If the great Lord is willing, he will be filled with the spirit of understanding; he will pour forth words of wisdom and give thanks to the Lord in prayer. He will direct his counsel and knowledge aright and meditate on his secrets. He will reveal instruction in his teaching and will glory in the law of the Lord’s covenant. Many will praise his understanding, and it will never be blotted out; his memory will not disappear, and his name will live through all generations. Nations will declare his wisdom, and the congregation will proclaim his praise; if he lives long, he will leave a name greater than a thousand, and if he goes to rest, it is enough for him.

St. Jerome

Epistola LIII ad Paulinum (Letter 53 to Paulinus [Bishop of Nola]) (Patrologia Latina 22:544-549)

Scripture says: I shall destroy the wisdom of the wise and condemn the intelligence of the intelligent. True wisdom will destroy the false; and although preaching about the cross is foolishness, yet Paul speaks wisdom among the mature. Not the wisdom of this world, nor of the princes of this world, who pass away; but he speaks the wisdom of God which was hidden in a mystery, and which God predestined from the beginning. The wisdom of God is Christ. For Christ is the power of God and the wisdom of God. This wisdom was hidden in a mystery, in which all the treasures of wisdom and knowledge were hidden, and he who was hidden in the mystery was predestined from the beginning. He was predestined and prefigured in the Law and the Prophets.

That is why the Prophets were also called seers: for they saw him whom the rest did not see. Abraham saw his day and rejoiced. The heavens were opened to Ezekiel on behalf of a sinful people. Open my eyes, said David, so that 1 may gaze at the wonders of your law. For the law is spiritual and needs to be revealed to be understood, and so that we may contemplate the glory of God when his face is revealed.

In the Apocalypse there is shown a book sealed with seven seals. If you give it to a literate man to read, he will tell you: I cannot, because it is sealed. How many people today think they are literate, and are in possession of a sealed book which they cannot open unless he unlocks it who holds the key of David, and when he opens it no one can shut it, and when he shuts it no one can open it.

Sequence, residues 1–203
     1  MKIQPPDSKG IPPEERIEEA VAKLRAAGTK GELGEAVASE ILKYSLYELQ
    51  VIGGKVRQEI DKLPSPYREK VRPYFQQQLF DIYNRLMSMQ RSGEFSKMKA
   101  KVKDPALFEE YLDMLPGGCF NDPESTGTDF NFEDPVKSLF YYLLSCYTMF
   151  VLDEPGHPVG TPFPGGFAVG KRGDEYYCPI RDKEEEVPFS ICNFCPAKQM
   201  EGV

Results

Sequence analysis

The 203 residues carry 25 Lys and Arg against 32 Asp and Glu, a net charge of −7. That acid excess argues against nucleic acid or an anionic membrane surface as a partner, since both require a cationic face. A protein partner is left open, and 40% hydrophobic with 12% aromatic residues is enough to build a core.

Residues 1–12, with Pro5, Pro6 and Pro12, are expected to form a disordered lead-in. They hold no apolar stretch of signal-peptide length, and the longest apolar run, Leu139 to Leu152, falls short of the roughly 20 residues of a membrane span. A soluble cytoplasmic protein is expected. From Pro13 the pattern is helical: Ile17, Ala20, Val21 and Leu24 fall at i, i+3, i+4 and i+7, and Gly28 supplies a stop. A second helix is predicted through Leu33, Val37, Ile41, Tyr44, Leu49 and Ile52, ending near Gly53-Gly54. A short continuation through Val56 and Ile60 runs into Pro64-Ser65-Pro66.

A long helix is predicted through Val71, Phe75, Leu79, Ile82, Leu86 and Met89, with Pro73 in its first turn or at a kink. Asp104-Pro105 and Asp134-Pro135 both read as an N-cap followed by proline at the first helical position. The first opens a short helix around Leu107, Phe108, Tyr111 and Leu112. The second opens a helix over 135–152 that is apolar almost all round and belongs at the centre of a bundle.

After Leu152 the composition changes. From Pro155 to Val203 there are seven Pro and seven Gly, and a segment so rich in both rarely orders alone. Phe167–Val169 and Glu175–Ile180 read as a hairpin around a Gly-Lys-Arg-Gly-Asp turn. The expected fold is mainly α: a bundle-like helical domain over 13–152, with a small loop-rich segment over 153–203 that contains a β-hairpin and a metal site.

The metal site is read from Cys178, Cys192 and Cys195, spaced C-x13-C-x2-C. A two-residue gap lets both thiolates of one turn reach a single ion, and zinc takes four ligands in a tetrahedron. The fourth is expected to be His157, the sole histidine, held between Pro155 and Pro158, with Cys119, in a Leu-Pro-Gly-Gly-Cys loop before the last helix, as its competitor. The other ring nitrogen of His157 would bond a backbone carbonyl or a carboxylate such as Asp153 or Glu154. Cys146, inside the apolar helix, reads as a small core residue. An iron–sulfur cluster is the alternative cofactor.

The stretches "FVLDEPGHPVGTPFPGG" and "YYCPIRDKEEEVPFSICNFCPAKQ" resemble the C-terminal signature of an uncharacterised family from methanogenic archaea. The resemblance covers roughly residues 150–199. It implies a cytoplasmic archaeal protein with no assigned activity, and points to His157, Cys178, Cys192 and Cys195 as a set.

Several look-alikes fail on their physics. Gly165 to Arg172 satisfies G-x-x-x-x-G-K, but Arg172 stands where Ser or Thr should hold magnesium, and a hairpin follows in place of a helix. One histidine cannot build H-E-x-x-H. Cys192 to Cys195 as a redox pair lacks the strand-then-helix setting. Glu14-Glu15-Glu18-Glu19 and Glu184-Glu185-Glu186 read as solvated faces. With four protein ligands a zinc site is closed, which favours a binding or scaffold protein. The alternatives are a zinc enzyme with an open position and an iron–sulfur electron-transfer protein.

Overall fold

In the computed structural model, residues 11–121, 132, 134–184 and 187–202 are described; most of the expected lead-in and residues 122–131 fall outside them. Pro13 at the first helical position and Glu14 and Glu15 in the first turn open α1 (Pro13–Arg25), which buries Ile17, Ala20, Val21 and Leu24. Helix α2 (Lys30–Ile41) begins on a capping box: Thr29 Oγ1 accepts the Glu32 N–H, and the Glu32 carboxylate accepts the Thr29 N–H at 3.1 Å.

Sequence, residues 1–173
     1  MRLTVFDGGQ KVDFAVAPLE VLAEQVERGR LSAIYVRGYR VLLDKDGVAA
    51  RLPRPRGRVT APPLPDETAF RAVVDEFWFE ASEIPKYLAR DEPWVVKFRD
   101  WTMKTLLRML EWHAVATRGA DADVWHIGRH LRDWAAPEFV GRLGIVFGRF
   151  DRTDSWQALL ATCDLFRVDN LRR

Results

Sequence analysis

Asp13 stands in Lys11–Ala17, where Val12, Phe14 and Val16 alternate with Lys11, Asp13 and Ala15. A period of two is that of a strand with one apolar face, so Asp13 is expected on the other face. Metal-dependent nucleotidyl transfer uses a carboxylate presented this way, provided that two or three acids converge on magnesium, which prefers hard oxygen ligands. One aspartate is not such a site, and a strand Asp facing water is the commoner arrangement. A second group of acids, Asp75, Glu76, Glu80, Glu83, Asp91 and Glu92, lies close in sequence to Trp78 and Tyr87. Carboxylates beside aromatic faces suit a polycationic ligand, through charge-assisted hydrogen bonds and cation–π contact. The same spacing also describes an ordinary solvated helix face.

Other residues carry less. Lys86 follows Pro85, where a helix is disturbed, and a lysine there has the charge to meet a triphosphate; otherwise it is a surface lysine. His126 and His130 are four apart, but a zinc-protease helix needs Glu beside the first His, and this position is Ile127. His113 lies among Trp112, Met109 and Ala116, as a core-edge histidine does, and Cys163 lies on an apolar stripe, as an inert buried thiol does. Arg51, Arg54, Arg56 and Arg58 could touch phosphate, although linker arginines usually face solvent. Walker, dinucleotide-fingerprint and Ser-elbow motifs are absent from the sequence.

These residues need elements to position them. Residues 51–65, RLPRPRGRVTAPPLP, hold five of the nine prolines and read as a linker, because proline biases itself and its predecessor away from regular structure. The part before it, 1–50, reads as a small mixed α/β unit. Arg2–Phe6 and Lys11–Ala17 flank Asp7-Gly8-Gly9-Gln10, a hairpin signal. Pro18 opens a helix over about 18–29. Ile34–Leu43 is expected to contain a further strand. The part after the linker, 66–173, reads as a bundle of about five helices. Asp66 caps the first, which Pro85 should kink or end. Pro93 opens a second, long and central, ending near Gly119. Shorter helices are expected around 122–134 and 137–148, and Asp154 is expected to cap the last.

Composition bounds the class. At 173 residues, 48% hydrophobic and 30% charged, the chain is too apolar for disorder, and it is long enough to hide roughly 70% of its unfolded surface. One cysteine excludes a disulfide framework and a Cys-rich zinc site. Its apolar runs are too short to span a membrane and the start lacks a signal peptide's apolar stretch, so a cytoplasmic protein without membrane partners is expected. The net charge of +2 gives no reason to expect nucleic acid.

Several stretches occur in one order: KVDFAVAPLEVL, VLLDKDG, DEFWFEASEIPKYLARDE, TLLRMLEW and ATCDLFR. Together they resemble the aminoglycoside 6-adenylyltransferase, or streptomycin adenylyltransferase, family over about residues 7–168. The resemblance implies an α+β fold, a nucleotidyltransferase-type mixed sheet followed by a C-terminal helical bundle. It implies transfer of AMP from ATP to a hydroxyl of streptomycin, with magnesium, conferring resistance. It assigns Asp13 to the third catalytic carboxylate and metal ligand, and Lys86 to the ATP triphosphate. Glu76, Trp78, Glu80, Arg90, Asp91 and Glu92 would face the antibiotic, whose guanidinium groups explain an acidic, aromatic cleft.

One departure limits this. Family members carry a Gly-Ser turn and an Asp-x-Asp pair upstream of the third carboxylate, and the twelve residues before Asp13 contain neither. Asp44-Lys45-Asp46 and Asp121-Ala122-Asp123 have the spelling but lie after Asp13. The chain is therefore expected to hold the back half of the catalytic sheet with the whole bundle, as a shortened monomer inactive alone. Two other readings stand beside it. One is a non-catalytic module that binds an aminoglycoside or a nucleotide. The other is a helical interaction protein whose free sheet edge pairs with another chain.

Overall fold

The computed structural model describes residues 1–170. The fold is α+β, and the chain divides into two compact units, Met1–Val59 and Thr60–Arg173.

In the Acts of the Apostles there is a holy eunuch who was reading Isaiah, and when Philip asked him: Do you really understand what you are reading? he answered: How can I without a teacher? To speak of myself for a moment, I am neither holier nor more zealous than that eunuch, who came to the temple from Ethiopia, that is, from the ends of the earth, setting out from the royal palace. He loved the law and divine knowledge so much that even while sitting in his chariot he read the sacred writings. And yet all the time that he was holding the book, ruminating on the Lord’s words, reading them fluently and out loud, he did not know whom he was unwittingly revering in the book. Then Philip came and showed him Jesus, who lay enclosed in the text in secret. The marvellous power of a teacher! In that same hour the eunuch believed, was baptized, was faithful and holy, and turned from a pupil into a master.

I have touched briefly on these matters, to make you understand that you cannot enter upon the holy Scriptures without someone to go before you and show you the way. I beg you, dearest brother, to live in the midst of these things, meditate on them, know nothing else, look for nothing – does that not seem to you to be a dwelling-place in the heavenly kingdom already here on earth?